Java imaging solutions support advanced medical visualization in PACS stations

Palo Alto 01 December 1998 Medical imaging and radiology professionals are continuously in search of advanced solutions to enhance the quality of the various image processing functions in their equipment. In this regard, Java has become the new creed. Over the past year, Sun Microsystems has worked very hard to optimize its Java technology in order to provide the PACS (Picture Archival Computer System) review stations with new medical visualization features. The newly developed Java tools support grey scale visuals, as well as fast look-up and retrieval of both 8- and 12-bit images. In addition, the company has made available an early access version of the Java Advanced Imaging (JAI) Application Programming Interface (API) object library.

Advertisement

Medical imaging and radiology professionals are continuously in search of advanced solutions to enhance the quality of the various image processing functions in their equipment. In this regard, Java has become the new creed. Over the past year, Sun Microsystems has worked very hard to optimize its Java technology in order to provide the PACS (Picture Archival Computer System) review stations with new medical visualization features. The newly developed Java tools support grey scale visuals, as well as fast look-up and retrieval of both 8- and 12-bit images. In addition, the company has made available an early access version of the Java Advanced Imaging (JAI) Application Programming Interface (API) object library.

Java 2D constitutes a core API of the freshly designed JDK 1.2 Java Development Kit, which soon will be shipped by Sun. Java 2D offers strong support for static grey visuals in such a way that 256 shades of grey can be displayed within one application's image. Radiologists need this kind of capacity in order to adequately read and diagnose the vital information in patient images. The JDK 1.2 software equally incorporates very fast look-up operations for both 8- and 12-bit grey scale images through the use of DGA or Direct Graphic Access, provided by Sun's Solaris operating environment and Direct Draw on Win32. As a result, the user is able to execute various image processing operations directly in the framebuffer at window level.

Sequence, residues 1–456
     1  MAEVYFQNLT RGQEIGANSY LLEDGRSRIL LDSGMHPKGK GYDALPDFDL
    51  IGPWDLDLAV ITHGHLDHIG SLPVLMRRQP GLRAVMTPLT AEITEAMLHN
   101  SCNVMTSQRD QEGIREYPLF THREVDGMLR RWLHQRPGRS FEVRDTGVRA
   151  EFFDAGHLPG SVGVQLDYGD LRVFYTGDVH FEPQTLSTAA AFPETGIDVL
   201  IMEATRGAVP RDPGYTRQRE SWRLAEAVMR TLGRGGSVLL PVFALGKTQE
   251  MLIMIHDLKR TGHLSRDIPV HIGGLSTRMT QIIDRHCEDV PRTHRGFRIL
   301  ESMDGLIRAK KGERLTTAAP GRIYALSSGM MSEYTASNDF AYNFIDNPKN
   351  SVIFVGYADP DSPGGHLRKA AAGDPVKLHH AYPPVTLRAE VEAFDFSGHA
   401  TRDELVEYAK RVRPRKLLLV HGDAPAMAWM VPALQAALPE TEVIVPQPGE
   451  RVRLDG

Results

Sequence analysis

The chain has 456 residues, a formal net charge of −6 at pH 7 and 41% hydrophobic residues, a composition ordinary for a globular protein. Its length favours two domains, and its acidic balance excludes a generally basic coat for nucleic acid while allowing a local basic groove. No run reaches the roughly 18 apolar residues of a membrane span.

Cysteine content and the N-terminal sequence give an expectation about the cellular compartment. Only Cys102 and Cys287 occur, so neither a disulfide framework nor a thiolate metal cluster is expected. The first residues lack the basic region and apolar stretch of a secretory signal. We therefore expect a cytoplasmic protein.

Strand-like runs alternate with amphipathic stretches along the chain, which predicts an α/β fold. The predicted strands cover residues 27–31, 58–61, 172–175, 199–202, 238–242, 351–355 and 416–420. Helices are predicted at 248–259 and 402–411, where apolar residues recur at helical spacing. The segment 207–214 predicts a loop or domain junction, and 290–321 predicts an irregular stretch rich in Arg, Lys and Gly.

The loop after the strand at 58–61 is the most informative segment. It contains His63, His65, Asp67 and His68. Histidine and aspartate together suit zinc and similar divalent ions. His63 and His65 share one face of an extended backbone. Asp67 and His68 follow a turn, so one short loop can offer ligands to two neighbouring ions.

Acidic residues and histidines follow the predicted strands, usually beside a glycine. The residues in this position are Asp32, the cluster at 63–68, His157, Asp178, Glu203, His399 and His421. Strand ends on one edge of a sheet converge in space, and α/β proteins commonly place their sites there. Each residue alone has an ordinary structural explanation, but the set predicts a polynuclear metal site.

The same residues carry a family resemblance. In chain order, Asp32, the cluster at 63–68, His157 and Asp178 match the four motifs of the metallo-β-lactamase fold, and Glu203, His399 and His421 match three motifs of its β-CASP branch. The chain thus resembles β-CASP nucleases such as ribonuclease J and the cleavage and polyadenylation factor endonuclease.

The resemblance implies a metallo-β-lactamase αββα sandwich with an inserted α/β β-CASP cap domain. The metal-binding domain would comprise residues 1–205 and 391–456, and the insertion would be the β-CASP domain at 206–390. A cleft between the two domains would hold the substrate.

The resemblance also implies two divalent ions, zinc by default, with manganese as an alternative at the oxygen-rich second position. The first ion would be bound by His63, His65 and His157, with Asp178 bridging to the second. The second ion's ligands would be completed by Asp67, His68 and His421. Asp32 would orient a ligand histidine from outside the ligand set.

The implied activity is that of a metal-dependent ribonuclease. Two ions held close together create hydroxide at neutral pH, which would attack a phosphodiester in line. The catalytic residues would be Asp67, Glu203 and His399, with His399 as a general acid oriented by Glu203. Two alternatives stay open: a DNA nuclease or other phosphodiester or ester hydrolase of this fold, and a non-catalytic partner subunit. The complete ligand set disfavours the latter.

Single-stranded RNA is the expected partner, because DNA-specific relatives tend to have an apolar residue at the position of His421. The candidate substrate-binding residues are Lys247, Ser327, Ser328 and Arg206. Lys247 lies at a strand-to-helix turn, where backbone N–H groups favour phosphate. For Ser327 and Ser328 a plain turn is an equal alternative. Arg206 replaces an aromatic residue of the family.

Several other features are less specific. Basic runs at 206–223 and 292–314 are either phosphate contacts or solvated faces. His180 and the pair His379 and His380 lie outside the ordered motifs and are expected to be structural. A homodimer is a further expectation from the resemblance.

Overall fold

In turn, the Java Advanced Imaging (JAI) API consists of a network-centric imaging framework which provides the entire health care enterprise with a secure, platform independent and scaleable solution. The radiologist can use the JAI API for functional image processing operations, such as tiling and deferred execution. The special interface even includes multiprocessor scalability and a wide range of high-level operators to enhance the medical visualization, such as polynomial warps and image subtractions. Since the JAI API constitutes a standard Java extension, it is compatible with the Java 2D API. Both Java tools largely extend the possibilities of medical imaging by creating an open imaging library with sophisticated features.


Leslie Versweyveld

[Medical IT News][Calendar][Virtual Medical Worlds Community][News on Advanced IT]